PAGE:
required by the urgent necessities of the case to leave a sponge in his patient’s abdomen, because
of the dangers attendant upon delay, still, it is his legal duty to so inform his patient within a
reasonable time thereafter by advising her of what he had been compelled to do. This is in order that
she might seek relief from the effects of the foreign object left in her body as her condition might
permit. The ruling in Smith v. Zeagler10 is explicit, thus:

The removal of all sponges used is part of a surgical operation, and when a physician or surgeon
fails to remove a sponge he has placed in his patient’s body that should be removed as part of the
operation, he thereby leaves his operation uncompleted and creates a new condition which imposes
upon him the legal duty of calling the new condition to his patient’s attention, and endeavoring with
the means he has at hand to minimize and avoid untoward results likely to ensue therefrom.

Here, Dr. Ampil did not inform Natividad about the missing two pieces of gauze. Worse, he even
misled her that the pain she was experiencing was the ordinary consequence of her operation. Had
he been more candid, Natividad could have taken the immediate and appropriate medical remedy to
remove the gauzes from her body. To our mind, what was initially an act of negligence by Dr. Ampil
has ripened into a deliberate wrongful act of deceiving his patient.

This is a clear case of medical malpractice or more appropriately, medical negligence. To


successfully pursue this kind of case, a patient must only prove that a health care provider either
failed to do something which a reasonably prudent health care provider would have done, or that he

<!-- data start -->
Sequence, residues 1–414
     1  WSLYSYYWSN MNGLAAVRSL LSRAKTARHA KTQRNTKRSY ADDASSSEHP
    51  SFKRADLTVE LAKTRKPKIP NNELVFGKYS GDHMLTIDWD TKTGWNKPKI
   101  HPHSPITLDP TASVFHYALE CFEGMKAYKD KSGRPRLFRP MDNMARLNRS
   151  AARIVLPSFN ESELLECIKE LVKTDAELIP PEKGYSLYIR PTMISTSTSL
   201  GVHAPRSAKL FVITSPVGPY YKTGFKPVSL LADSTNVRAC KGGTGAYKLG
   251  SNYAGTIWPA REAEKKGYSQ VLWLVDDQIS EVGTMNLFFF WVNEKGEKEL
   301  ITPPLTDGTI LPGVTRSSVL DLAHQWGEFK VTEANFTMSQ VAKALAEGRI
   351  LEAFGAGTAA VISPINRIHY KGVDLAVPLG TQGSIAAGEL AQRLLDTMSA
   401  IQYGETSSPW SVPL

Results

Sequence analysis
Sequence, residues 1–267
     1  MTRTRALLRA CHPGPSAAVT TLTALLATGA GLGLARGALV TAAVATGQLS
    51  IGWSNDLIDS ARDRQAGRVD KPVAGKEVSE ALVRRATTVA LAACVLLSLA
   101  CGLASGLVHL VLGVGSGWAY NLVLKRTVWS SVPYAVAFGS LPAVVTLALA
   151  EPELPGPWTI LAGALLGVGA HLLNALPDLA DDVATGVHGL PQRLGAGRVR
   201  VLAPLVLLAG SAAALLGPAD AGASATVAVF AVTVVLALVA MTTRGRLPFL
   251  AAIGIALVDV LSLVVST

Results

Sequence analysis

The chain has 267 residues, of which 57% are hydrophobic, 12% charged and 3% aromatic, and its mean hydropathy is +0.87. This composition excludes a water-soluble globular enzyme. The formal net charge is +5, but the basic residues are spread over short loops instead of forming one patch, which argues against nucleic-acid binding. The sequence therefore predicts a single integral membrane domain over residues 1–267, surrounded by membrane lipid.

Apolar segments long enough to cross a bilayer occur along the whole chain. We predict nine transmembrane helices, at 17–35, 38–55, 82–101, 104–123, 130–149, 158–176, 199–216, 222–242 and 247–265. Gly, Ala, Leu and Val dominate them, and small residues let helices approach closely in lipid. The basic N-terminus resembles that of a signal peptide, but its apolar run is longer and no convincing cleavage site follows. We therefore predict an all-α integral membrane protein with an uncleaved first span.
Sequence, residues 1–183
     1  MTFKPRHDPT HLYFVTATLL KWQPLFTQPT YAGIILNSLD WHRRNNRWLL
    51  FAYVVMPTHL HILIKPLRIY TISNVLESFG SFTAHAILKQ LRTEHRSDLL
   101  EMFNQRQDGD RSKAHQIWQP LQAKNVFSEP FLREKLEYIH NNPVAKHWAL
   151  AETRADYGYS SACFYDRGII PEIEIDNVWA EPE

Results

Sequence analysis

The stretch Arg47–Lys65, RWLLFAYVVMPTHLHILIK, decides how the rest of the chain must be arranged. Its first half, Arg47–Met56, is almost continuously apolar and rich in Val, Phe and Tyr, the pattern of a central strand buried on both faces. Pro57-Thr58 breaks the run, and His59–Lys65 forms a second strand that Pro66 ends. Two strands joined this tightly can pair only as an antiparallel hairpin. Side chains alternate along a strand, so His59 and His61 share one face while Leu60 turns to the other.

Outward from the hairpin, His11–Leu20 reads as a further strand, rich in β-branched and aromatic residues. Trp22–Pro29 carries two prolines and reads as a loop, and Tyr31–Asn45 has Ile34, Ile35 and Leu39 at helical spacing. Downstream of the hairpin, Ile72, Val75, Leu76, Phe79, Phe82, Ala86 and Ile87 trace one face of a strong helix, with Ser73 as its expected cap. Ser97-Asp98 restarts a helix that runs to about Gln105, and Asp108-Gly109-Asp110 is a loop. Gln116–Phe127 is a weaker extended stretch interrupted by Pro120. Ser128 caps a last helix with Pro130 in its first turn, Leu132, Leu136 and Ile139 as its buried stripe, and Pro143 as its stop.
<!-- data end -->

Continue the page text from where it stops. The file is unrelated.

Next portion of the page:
did something that a reasonably prudent provider would not have done; and that failure or action
caused injury to the patient.11 Simply put, the elements are duty, breach, injury and proximate
causation. Dr, Ampil, as the lead surgeon, had the duty to remove all foreign objects, such as
gauzes, from Natividad’s body before closure of the incision. When he failed to do so, it was his duty
to inform Natividad about it. Dr. Ampil breached both duties. Such breach caused injury to Natividad,
necessitating her further examination by American doctors and another surgery. That Dr. Ampil’s
negligence is the proximate cause12 of Natividad’s injury could be traced from his act of closing the
incision despite the information given by the attending nurses that two pieces of gauze were still
missing. That they were later on extracted from Natividad’s vagina established the causal link
between Dr. Ampil’s negligence and the injury. And what further aggravated such injury was his
deliberate concealment of the missing gauzes from the knowledge of Natividad and her family.

II - G.R. No. 126467

Whether the Court of Appeals Erred in Absolving

Dr. Fuentes of any Liability

The Aganas assailed the dismissal by the trial court of the case against Dr. Fuentes on the ground
that it is contrary to the doctrine of res ipsa loquitur. According to them, the fact that the two pieces
of gauze were left inside Natividad’s body is a prima facie evidence of Dr. Fuentes’ negligence.

We are not convinced.

Literally, res ipsa loquitur means "the thing speaks for itself." It is the rule that the fact of the
occurrence of an injury, taken with the surrounding circumstances, may permit an inference or raise
a presumption of negligence, or make out a plaintiff’s prima facie case, and present a question of